Alfred "Al" Worden, command module pilot on Apollo 15, passed away on March 18, 2020. We mourn the loss and celebrate the life of Al, an aviator, engineer, and storyteller. From the halls of West Point to the far side of the Moon, the legacy of history’s first deep-space walker continues to inspire.
When a team accomplishes what, at times, seemed impossible, it becomes a victory for all—an entire city or country, or all humankind. We see this in milestones throughout aviation history, and we celebrate those shared victories throughout our Museum. And when a sports team brings a championship to a city that hasn’t seen one in 25 years, the whole city comes out to celebrate.
For those involved or interested in human spaceflight, the last week of January is a solemn time of remembrance, as we commemorate Apollo 1 and the Space Shuttle missions Challenger and Columbia. How does our Museum deal with the memory of such tragedies?
As an astronaut, John Young (1930-2018) was one of a kind. He was the first person to fly in space six times, the first person to circle the Moon alone, the first Space Shuttle mission commander, and the first to command another Space Shuttle mission.
A new generation of aspiring astronauts and researchers can find inspiration in the LEGO® “Women of NASA” set. These scientific pioneers are part of our collection here at the Smithsonian’s National Air and Space Museum, too.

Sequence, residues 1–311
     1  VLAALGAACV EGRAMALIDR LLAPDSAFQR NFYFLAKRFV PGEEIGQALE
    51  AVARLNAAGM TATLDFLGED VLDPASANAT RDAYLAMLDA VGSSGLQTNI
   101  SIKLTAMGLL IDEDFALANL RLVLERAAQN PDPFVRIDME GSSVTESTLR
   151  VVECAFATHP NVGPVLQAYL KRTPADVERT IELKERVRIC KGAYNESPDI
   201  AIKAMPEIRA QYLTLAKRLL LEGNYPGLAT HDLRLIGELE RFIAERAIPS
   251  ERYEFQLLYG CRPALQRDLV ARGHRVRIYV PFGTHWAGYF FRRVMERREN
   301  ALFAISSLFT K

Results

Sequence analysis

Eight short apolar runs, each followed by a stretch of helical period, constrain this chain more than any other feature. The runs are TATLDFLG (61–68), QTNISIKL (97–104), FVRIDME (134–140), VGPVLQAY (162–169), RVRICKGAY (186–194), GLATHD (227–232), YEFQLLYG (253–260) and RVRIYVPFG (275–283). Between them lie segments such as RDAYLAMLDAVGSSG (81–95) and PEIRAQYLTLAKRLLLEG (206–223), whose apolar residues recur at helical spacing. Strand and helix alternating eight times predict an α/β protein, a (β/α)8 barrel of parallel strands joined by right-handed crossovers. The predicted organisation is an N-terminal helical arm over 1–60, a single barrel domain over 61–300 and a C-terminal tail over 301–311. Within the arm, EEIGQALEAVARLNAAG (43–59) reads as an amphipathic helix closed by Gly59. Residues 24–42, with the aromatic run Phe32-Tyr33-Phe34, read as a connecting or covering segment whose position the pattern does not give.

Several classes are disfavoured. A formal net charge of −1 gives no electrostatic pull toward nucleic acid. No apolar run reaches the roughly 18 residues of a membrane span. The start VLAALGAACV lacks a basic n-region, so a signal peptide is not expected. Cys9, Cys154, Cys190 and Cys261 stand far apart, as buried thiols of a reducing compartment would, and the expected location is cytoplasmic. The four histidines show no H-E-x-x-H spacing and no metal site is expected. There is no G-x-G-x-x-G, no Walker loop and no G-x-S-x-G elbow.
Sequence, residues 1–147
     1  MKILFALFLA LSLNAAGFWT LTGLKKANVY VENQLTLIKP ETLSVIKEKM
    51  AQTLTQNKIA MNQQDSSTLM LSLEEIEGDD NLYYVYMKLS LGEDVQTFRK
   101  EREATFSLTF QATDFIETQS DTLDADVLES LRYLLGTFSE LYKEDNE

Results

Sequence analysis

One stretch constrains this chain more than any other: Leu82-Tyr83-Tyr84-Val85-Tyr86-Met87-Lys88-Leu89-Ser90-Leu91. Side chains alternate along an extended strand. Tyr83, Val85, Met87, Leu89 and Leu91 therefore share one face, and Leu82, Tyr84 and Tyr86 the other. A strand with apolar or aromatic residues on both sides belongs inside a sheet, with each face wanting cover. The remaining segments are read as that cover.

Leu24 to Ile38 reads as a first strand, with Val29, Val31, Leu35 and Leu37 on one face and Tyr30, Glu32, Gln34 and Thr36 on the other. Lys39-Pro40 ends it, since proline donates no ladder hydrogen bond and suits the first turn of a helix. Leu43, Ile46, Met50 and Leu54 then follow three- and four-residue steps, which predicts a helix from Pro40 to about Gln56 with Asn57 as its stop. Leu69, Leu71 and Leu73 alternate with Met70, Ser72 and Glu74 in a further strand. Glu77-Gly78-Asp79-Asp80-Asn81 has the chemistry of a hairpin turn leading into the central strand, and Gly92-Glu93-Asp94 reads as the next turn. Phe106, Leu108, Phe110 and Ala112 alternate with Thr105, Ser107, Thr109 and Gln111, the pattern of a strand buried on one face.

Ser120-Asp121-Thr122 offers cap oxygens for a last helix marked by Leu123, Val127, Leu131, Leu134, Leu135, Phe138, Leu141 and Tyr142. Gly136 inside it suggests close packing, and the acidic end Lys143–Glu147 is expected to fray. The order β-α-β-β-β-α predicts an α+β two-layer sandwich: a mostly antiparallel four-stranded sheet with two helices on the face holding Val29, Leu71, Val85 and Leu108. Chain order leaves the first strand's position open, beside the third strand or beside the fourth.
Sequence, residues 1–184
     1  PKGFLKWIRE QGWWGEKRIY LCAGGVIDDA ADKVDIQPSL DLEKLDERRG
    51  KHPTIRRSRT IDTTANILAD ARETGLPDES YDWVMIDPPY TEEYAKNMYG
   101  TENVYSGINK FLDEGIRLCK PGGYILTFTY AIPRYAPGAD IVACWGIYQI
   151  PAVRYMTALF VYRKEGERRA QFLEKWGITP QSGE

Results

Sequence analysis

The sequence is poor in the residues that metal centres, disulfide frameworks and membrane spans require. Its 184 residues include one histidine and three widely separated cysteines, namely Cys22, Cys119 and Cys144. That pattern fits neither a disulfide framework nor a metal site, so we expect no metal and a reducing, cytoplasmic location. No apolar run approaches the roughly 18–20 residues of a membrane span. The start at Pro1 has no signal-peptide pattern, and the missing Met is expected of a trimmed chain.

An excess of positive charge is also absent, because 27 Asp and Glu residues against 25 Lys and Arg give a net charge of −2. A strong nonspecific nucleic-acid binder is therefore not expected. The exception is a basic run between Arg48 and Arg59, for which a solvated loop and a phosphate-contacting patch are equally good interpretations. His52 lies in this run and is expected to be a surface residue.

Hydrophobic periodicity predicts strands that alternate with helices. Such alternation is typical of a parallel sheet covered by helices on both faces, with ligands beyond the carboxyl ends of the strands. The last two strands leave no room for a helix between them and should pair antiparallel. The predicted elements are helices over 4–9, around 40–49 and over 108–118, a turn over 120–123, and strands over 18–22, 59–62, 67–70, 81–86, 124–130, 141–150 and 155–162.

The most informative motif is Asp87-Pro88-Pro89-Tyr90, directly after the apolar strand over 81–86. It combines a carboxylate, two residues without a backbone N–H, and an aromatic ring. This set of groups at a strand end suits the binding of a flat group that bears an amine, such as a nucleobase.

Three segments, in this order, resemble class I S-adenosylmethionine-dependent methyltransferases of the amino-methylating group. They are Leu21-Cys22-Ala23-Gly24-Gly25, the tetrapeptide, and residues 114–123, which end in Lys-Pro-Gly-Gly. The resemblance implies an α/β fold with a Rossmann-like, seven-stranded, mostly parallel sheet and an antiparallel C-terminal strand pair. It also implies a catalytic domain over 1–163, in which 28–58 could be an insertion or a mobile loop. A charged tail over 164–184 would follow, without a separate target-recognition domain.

Today, the Apollo 11 Command Module Columbia will go on display at Space Center Houston, the first of four stops in the national tour Destination Moon: The Apollo 11 Mission. This is the first time the Command Module has left the nation’s capital since 1971. If you plan to see the Module in your city—the tour will travel to St. Louis, Pittsburgh, and Seattle over the next two years—we have an excellent way to prepare. Or if you’re looking to dive into Apollo history on the comfort of your own couch, we also have you covered.
When the Museum’s Apollo Lunar Module (LM-2) moved to a prominent place in our Boeing Milestones of Flight Hall last year, it was an opportunity for us to examine the artifact in fine detail. We spared no effort to preserve, refurbish, and document the iconic object before it went on display in our central gallery in 2016. With careful research and close examination of photography from the Apollo 11 mission, we have been able to refine the accuracy of the external appearance of our LM-2 to more and more closely represent the appearance of LM-5 (Eagle) on the Moon.